RME presents ADI-2 DAC 2-Channel DA Converter for Studio and Audio Enthusiasts
German manufacturer RME Audio announced its new ADI-2 DAC, a two-channel high-end digital-to-analog converter in a 9.5"/1HE housing, featuring two high-performance headphone outputs, including a dedicated in-ear connection, and a wide range of conversion options. The new ADI-2 DAC is a further development of the renowned ADI-2 Pro AD/DA reference converter, and it is targeted at both studio professionals and audiophiles.   Read More

Audio Precision Enables A2B Multichannel Audio Test
Audio Precision announced support for multichannel audio performance testing of A2B systems and components in collaboration with Mentor, a Siemens business. The new software release for APx500 audio analyzers, supports connectivity with Mentor's A2B Analyzer to deliver closed-loop, multichannel A2B audio testing. Following a technology demonstration at the Audio Engineering Society (AES) 2017 International Conference on Automotive Audio in San Francisco, CA, the solution is now available.   Read More

New Juniper Research Report Forecasts Smart Audio Hardware Revenues to Grow by Over 300% in the Next 5 Years
A new report by Juniper Research predicts that revenues from smart audio devices like the Amazon Echo and Sonos One will grow from an estimated $2.5 billion in 2017 to more than $10 billion by 2022, as more audio brands integrate voice assistants into their devices. With competition heating up in the smart speaker space, the new research, "Smart Audio Devices: Strategies & Forecasts 2017-2022," looks at Amazon's main challengers.    Read More

Audinate Releases Dante IP Core for Xilinx FPGAs
Audinate, the developer of Dante media networking technology, has announced the availability of Dante IP Core, a soft IP solution for audio manufacturers. It allows OEMs working with FPGA-based designs to add Dante audio connectivity to AV products at a lower cost and with greater flexibility than ever before. A single FPGA may now host both product software and Dante audio networking.   Read More

Axiim to Showcase Wireless Home-Theater Solution for Xbox One and Windows 10 PCs at CES 2018 
Axiim, a designer and manufacturer of wireless audio/video home theater products, announced that it will showcase the first wireless home-theater solution designed for Xbox One and Windows 10 PCs, the Axiim Link HD wireless speaker system. All Axiim products leverage the Wireless Speaker and Audio (WiSA) Association technology that ensures interoperability between member brands.   Read More

Apple Buys Music Recognition and Augmented Reality Services Shazam
As officially confirmed to some online media outlets, following persistent rumors that have circulated since December 8, 2017, Apple is buying Shazam, the music recognition and audio fingerprinting service that is one of the most popular apps in mobile platforms. Together with rival SoundHound, Shazam has gradually evolved into a sort of "gluing" app, helping users discover, interact with, and share music and videos, as well as printed or augmented reality content.   Read More

AKM Announces an Upgrade to Its Best Selling 32-bit Stereo Premium High-End DAC
At CES 2018, companies will be looking for ways to improve existing designs on every front, and the critical stages of audio AD/DA conversion will continue to be a focus. Asahi Kasei Microdevices Corp. (AKM) has developed the AK4493EQ, a 32-bit stereo premium D/A converter, which will be available in January 2018. As AKM explains, this is an upgrade from its best-selling AK4490EQ, used in many high-end audio products since it was launched in 2014.   Read More

66 Audio Takes Alexa Voice Recognition Out of Home with PRO Voice Wireless Headphones
Alexa, let's go for a walk? 66 Audio, a company from California and focused on wireless consumer audio technology, unveiled its PRO Voice Bluetooth Wireless Headphones with built-in Amazon Alexa voice recognition. The PRO Voice is basically an implementation of the brand's BTS Pro Wireless Headphones, optimized for Alexa use outside the home, and deliver a fluid voice experience anywhere the user has Internet connection (and Alexa is available...).   Read More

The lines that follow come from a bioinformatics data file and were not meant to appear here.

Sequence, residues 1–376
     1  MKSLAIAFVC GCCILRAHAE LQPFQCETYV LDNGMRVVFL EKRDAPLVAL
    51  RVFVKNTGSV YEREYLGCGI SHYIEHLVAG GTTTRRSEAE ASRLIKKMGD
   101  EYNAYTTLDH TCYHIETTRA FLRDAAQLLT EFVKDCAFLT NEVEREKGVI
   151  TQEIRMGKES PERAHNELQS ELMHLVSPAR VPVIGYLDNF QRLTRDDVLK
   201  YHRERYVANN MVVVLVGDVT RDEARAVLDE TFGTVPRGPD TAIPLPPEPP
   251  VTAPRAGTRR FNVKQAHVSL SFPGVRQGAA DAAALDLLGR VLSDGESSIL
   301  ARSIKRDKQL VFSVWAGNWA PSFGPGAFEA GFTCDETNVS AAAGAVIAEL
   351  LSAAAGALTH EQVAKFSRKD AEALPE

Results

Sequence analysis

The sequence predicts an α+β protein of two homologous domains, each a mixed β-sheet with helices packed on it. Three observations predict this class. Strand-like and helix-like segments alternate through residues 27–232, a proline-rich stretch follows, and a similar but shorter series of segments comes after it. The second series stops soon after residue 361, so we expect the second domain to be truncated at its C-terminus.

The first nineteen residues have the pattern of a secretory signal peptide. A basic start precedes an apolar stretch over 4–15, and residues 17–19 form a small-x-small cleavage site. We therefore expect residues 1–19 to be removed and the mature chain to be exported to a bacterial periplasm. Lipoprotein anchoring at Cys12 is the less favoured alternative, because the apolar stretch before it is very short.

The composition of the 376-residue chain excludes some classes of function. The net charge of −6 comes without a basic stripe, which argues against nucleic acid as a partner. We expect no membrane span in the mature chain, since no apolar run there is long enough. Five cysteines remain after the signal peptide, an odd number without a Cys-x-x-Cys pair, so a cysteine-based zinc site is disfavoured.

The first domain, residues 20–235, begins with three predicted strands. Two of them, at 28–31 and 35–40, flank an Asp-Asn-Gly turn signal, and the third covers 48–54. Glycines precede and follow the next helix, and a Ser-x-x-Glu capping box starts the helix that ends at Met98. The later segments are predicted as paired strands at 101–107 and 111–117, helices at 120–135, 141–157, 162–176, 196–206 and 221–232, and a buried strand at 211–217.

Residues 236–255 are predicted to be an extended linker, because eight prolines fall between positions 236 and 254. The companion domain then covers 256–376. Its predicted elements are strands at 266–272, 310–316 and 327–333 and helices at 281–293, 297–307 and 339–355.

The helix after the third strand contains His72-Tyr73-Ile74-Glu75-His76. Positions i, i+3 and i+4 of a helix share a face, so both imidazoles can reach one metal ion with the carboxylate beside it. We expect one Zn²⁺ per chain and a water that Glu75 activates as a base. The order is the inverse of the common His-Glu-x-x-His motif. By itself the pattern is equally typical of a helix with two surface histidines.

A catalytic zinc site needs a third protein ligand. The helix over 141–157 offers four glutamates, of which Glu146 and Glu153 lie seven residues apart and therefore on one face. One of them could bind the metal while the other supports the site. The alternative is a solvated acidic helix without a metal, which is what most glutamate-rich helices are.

Mike Klasco

Guest Editorial

Hearables - Challenges and Solutions for True Wireless Stereo Earphones

"Hearable" is a hybrid of the terms wearable and headphone, as hearables combine major assets of wearable technology with the basic principle of audio-based information services, conventional rendition of music and wireless communications.
Personics Labs (aka Hearium Labs) was a bold visionary project from 2005, combining augmented reality, music listening, biometrics, and voice communications. Click the image for the Hearium video.

Today, most of us still spend too much of our time staring at our smartphones but hearables may change that focus to listening to a voice in your head. Compelling multi-faceted applications include sport fitness earphones that monitor your bio-functions, coach your workout while playing music as well as passing calls to you. Still, other visions for hearables will be augmented hearing - from enhancing and protecting your hearing at loud concerts to blocking gun shots while hunting, in-ear recording of classroom lectures, binaural recording of music events, and even an all-knowing interactive computer consiglieri (advisor) that resides in your ears.
As with smartphones and smartwatches, the hearable will eventually become a computing platform running apps. Connected to the Internet through Siri, Cortana, or other intelligent virtual assistants, conferring private guidance to the wearer. It will support both local audio playback and recording making it a digital audio player and dictaphone in your ear. The concept of the autonomous multi-function hearable will challenge the smartphone just as the first iPhone extinguished the existence of both the iPod and the Blackberry personal digital assistant. The user interface for the most sophisticated hearables will migrate away from the user having to poke at the device's buttons on their ear and shift toward intuitive voice commands empowered with artificial intelligence to interpret what is being asked of it.
Today, the most viable hearable implementation is True Wireless Stereo (TWS) earphones. The concept: each ear has an earphone with absolutely no wires just as an in-ear hearing aid. The most commercially successful example today are the Apple AirPods. True Wireless Stereo functionality was first introduced by CSR (now part of Qualcomm) in one of its Bluetooth chips, about five years ago. Sending a stereo audio stream to two distinct earbuds is not possible using standard Bluetooth A2DP profile: it is a point-to-point solution.
The initial application to reach the market was for stereo Bluetooth speakers to eliminate the remaining wire between the left and right channels. Before TWS, the configuration would be for one master speaker containing the Bluetooth receiver, amplifier, and battery and the other speaker would be a passive slave.